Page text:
Everything You Ever Wanted to Know About the DOF Preview Button

If there's one button on your camera that you could go your entire photographic career without ever pressing, it's the depth of field preview button. Nonetheless it turns out that that weird little button is rather useful. This helpful video explains its function, quirks, and best uses.

If you've ever looked at the front of your camera at a weird angle down near the lens mount, you've probably seen a little button by itself. That's the depth of field preview button, and as you can guess by it's not-so-inventive name, it well, lets you preview your depth of field. DSLRs keep the lens aperture wide open right until the moment of exposure, even if you have it set to be stopped down. This is for two reasons: it keeps the optical viewfinder as bright as possible and it allows as much light as possible to reach the AF sensor. So, if you want to actually see your depth of field, you need to ask the camera to stop the lens down to the correct aperture. It turns out there are a few quirks to this, though, so give the great video from ZY Productions above a quick watch.

Bonus tip: The DOF preview button is normally mapped to make an off-camera speedlight flash to show where the light is falling. You can also re-map it to another function should you so desire.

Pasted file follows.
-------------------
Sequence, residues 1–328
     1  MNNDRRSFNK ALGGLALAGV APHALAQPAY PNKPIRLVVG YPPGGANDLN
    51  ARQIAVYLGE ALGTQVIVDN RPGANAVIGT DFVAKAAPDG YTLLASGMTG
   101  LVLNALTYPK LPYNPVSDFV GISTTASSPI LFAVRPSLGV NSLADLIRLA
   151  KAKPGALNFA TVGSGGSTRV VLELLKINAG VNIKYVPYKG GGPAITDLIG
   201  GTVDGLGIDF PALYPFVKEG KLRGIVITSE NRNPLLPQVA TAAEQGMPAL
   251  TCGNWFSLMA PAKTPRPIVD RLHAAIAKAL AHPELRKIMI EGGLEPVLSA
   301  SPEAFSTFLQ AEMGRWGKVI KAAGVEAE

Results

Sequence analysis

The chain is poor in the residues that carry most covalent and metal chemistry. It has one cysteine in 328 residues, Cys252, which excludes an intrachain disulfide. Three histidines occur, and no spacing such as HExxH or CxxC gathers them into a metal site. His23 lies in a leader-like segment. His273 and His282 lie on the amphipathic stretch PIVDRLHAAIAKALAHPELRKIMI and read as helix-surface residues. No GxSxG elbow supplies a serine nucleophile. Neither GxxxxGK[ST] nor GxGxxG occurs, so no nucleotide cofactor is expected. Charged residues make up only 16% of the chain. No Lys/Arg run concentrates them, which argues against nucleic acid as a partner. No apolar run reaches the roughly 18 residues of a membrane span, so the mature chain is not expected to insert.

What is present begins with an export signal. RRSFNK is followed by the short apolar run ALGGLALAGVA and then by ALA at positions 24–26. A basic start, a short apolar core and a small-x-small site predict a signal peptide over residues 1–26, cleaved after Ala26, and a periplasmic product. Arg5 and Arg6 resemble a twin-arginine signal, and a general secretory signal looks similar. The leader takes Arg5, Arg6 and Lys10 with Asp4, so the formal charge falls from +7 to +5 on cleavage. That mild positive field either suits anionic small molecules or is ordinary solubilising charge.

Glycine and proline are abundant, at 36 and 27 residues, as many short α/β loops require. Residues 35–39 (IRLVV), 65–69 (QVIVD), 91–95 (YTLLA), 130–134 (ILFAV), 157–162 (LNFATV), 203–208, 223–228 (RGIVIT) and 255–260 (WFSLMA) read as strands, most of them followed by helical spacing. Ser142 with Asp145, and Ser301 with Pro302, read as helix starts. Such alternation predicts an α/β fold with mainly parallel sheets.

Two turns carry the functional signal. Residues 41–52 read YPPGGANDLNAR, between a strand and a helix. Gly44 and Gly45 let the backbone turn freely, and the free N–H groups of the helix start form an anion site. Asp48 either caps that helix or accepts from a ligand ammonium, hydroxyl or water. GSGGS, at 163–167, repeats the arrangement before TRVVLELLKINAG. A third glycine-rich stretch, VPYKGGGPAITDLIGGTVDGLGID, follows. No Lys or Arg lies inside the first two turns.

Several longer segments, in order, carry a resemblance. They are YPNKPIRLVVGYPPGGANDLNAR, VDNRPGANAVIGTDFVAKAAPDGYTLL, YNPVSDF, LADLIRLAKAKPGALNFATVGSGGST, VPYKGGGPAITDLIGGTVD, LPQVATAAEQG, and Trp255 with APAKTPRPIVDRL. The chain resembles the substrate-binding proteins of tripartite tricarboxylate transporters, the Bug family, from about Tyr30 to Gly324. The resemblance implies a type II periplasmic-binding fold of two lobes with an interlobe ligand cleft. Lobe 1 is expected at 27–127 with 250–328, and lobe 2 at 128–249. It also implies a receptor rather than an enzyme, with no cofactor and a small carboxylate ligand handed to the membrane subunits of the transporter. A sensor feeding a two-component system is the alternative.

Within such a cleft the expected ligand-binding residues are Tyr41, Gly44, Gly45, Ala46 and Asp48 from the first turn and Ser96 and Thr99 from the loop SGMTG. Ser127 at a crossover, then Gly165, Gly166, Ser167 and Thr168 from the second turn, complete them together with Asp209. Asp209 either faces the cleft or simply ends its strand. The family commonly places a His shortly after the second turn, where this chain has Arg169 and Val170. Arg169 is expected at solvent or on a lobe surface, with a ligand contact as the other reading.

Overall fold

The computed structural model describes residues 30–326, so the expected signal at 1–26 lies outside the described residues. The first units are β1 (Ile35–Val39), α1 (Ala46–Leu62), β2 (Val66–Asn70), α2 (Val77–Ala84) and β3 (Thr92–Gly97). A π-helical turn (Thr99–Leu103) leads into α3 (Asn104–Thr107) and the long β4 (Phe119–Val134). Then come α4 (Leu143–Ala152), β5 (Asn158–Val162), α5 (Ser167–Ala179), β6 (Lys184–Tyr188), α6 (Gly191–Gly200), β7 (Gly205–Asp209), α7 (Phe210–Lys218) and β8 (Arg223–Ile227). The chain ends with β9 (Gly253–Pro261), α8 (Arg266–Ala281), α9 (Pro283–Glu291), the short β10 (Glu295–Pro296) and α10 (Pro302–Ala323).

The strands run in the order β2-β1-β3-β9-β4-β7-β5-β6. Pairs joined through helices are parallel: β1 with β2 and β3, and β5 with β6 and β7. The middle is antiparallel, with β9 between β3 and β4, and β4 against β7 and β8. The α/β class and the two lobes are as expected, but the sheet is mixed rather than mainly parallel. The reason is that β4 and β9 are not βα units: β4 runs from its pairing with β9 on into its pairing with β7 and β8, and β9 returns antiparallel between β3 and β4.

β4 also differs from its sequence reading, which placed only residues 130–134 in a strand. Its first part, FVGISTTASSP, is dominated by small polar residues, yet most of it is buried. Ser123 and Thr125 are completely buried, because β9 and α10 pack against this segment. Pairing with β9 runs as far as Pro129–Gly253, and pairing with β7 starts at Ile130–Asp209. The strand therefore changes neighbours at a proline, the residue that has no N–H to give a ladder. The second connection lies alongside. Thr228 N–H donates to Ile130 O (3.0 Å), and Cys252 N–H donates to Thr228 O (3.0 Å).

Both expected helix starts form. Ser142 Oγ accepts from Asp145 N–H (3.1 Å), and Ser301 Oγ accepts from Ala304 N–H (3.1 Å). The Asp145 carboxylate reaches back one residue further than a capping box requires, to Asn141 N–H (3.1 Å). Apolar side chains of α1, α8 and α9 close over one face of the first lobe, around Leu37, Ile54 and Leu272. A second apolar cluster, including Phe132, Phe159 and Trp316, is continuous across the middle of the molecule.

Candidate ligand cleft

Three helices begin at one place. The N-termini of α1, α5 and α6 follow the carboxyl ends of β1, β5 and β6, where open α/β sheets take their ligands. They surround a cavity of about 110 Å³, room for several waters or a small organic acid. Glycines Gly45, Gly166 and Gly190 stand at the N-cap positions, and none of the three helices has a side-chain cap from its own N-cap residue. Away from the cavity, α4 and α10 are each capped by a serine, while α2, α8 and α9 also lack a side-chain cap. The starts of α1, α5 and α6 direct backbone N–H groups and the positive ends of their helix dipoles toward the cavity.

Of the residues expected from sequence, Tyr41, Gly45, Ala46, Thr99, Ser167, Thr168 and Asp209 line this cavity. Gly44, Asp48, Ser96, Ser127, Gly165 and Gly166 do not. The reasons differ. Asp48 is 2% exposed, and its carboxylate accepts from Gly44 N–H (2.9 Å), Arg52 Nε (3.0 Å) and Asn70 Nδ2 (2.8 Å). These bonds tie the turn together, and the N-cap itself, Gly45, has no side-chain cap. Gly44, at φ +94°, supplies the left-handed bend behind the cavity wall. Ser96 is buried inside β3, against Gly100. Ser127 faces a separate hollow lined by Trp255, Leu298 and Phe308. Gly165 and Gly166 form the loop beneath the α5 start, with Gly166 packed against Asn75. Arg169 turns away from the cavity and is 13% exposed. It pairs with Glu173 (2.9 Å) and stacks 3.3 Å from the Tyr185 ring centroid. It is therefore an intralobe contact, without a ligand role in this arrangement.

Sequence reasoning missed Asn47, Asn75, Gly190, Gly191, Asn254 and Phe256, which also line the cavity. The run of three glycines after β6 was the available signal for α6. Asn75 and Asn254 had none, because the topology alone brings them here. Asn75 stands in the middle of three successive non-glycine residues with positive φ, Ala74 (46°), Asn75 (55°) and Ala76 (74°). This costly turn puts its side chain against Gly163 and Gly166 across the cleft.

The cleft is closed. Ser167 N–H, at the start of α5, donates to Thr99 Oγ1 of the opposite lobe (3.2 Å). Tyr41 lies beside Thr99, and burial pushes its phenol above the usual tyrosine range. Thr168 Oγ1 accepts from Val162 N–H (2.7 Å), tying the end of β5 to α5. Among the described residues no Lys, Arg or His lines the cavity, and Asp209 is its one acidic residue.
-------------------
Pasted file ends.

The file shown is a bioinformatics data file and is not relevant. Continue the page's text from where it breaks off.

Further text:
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5 Comments

David Tothill's picture

Magic ... From the mouths of Babes. Thank you for pointing me in this direction

Use it all the time. Not just for macro but it's particularly useful for that. Most AF macro lenses tend to breathe too much for me. And as well as dedicated macro lenses, I also use extension tubes, close-up filters and bellows. The tubes and bellows render AF useless anyway. So, DOF preview button held down, manually focusing the lens and I can actually see the thin wedge of DOF moving as I focus, helping me to get it precisely where I want it.

In non-macro work, I'm using it just to make sure I get the range of DOF I want.

I use AF lenses but I have all my MF Nikon glass from way back and manually focusing with the DOFP button down is the best way to check you've got what DOF you need.

Depth of field preview is a very useful function and a lot easier to use on modern digital cameras than on older film bodies where it often required quite a strong squeeze to operate. Nice tip about using live view.

I re-mapped mine to do AI-Servo for events.

jean pierre (pete) guaron's picture

It is also helpful to refer to DoF charts, or a DoF app (more likely in this smartphone era :) ). And if you're doing macro on a tripod, a tape measure is a useful piece of gear